This year's event was a great success and had a wonderful turnout. With seven presenters, divided between the morning and afternoon panels, the audience was introduced to interesting and new ideas on Japanese literature, language, politics, history, religion, education, and economy.
The morning panel explored different components of Japanese literature in relation to “women’s style literature” during the traditional period, modern women’s educa-tion, as well as the role of Charles E. Tuttle Co.’s post-war publishing of Japa-nese classics.
The presenters were:
- Dr. Satoko Naito, University of Maryland Writing Rivalry: Sei Shōnagon, Murasaki Shikibu and the Ideal of the Woman Writer
- Dr. Hitomi Yoshio, Florida International University The Ideal Woman and Jogaku zasshi: Women and the Literary Profession in Late 19th Century Japan and Victorian England
- Dr. Steven Heine, Florida International University Charles E. Tuttle and the Transformation of Post-War Publishing about Japan
- With respondents: Dr. Joseph Murphy, University of Florida & FIU Asian Studies Graduate Students
In the afternoon panel students from various FIU departments and Duke University presented topics, including the Japanese textbook controversy during World War II; a critique of a Japanese religious text from the 1930s; perceptions of China and Japan during the Bubble Economy; and the invention of Japanese political terminology in the Meiji Era.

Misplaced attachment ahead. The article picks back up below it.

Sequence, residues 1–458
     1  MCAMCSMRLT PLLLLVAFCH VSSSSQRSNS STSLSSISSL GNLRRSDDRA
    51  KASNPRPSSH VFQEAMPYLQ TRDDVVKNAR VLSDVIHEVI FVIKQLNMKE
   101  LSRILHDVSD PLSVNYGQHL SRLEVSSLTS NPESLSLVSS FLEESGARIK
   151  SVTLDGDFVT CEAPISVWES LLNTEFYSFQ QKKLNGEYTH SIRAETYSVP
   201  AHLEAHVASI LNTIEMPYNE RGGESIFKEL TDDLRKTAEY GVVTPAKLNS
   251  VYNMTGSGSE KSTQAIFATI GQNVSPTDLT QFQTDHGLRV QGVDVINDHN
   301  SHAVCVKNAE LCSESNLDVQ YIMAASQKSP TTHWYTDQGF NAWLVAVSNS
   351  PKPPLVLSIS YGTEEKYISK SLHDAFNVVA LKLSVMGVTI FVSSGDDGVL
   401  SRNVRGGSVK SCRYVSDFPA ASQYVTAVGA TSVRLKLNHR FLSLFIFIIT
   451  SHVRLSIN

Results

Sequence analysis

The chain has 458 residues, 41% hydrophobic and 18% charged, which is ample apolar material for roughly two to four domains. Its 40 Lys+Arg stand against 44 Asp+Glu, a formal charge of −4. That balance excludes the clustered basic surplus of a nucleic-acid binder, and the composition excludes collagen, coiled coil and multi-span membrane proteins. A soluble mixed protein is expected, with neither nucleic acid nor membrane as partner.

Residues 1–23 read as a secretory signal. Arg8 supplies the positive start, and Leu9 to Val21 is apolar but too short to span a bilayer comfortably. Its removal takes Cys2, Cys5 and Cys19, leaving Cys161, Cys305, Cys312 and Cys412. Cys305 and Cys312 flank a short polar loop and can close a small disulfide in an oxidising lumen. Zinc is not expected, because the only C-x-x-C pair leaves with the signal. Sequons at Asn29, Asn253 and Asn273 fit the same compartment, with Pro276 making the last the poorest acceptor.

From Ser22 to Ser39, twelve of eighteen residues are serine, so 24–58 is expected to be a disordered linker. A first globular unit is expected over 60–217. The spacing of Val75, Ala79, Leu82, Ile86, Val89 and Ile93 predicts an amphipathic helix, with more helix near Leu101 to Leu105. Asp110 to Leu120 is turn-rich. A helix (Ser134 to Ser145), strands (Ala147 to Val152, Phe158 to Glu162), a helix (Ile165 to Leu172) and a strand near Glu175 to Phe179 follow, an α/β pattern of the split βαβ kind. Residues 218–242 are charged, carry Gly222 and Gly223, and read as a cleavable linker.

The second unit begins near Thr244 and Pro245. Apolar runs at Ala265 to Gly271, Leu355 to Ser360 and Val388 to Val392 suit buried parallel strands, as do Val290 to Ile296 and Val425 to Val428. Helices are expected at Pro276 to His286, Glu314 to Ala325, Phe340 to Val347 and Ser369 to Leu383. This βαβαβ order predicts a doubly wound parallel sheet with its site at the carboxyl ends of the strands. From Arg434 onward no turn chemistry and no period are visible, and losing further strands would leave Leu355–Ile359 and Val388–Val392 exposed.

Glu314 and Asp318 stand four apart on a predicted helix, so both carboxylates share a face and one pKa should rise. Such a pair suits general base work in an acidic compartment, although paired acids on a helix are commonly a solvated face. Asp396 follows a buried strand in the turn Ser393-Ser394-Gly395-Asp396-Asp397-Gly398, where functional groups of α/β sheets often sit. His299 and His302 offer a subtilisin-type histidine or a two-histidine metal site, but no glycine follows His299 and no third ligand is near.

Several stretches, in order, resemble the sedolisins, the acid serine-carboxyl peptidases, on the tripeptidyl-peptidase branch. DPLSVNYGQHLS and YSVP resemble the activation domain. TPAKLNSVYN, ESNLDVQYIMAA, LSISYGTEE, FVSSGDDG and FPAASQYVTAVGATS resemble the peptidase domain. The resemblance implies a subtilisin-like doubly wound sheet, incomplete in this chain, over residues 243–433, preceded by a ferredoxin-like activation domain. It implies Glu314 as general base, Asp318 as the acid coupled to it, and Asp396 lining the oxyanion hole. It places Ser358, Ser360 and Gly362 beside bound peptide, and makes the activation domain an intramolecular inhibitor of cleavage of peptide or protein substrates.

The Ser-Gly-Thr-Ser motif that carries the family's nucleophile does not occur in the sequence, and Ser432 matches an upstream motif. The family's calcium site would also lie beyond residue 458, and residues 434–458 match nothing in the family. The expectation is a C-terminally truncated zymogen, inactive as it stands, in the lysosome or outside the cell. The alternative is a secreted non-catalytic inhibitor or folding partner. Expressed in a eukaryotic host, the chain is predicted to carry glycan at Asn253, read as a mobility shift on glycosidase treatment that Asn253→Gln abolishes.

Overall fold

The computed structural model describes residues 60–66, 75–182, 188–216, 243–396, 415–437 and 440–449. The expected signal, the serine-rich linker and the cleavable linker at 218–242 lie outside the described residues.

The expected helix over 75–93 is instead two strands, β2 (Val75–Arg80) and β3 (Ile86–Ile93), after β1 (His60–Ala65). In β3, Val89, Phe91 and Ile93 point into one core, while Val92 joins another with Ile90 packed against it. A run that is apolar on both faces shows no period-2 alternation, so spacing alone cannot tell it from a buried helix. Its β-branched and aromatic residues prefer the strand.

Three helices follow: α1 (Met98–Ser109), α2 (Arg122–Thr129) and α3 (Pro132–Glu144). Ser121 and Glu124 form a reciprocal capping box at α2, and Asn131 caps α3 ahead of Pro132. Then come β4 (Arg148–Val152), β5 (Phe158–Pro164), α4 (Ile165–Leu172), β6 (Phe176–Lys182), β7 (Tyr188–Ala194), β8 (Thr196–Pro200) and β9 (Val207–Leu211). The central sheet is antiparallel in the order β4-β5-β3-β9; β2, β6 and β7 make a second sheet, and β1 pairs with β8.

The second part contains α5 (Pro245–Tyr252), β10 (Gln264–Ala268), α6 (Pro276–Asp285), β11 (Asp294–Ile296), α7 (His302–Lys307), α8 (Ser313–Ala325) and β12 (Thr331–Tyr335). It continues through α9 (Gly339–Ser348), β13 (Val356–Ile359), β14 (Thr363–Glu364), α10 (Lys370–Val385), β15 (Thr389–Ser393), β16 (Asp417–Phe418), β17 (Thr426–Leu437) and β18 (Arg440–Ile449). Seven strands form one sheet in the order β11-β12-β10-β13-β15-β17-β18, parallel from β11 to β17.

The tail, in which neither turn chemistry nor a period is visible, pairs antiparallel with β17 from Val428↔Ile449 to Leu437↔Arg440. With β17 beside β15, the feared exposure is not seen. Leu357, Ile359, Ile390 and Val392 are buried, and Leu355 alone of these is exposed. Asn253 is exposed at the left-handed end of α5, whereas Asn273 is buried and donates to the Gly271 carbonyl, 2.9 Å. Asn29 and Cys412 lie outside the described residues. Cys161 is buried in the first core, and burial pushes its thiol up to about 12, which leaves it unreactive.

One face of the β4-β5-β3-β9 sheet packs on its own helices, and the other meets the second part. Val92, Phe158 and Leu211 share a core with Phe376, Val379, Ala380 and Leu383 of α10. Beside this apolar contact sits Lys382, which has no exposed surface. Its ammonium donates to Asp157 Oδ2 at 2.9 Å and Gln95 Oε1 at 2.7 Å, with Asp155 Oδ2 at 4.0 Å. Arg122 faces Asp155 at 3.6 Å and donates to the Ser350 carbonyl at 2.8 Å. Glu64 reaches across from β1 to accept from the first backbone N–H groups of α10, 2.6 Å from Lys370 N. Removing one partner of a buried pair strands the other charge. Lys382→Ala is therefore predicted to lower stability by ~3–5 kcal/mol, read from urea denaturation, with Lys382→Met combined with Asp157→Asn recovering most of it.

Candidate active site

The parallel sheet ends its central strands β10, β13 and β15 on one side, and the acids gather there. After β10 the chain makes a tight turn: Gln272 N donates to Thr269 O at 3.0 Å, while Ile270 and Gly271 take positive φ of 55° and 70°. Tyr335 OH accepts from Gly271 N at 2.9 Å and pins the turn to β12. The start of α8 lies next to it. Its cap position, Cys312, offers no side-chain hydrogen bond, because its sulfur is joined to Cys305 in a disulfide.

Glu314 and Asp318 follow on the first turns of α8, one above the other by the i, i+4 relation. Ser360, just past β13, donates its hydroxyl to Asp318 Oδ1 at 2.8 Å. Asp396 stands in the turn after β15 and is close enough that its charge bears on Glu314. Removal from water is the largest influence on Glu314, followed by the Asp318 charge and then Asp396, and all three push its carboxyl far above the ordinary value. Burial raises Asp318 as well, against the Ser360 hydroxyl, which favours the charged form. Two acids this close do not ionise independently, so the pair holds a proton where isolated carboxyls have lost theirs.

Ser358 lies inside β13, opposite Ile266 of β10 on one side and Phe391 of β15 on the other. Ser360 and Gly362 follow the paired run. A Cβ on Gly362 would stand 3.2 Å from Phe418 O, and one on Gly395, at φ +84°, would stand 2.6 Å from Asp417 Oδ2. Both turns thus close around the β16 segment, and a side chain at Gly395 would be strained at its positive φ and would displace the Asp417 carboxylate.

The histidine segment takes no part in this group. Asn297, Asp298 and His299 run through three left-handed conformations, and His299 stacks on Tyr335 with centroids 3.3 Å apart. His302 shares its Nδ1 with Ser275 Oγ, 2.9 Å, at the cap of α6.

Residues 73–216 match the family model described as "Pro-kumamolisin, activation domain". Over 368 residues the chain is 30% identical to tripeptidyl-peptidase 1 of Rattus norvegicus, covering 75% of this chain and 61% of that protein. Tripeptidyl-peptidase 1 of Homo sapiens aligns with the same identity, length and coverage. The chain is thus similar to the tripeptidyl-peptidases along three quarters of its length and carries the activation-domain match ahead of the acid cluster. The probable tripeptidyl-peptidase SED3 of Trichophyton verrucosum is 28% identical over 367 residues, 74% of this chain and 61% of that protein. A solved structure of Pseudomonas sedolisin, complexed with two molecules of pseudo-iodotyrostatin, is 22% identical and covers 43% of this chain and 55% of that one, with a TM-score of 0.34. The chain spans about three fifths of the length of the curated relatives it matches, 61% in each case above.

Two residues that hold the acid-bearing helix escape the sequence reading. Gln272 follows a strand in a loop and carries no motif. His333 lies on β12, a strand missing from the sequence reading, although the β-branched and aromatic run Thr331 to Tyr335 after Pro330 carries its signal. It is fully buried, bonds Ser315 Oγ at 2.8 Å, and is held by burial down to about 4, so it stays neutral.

The presenters were:
- Gabriela Romeu, Florida International University The Japanese History Textbook Controversy Amid Post-War Sino-Japanese Relations
- Michael Quick, Duke University Hanshūkyō tōsō no hata no moto ni: A Derelict Critique of Japanese Religion
- Shelly Wick, Florida International University Constructing Threat: How Americans Identify Economic Competitors
- Bradley Hammond, Florida International University A ‘Brief Era of Experimentation’: How The Early Meiji Political Debates Shaped Japanese Political Terminology
- With respondents: FIU Asian Studies Faculty & Graduate Students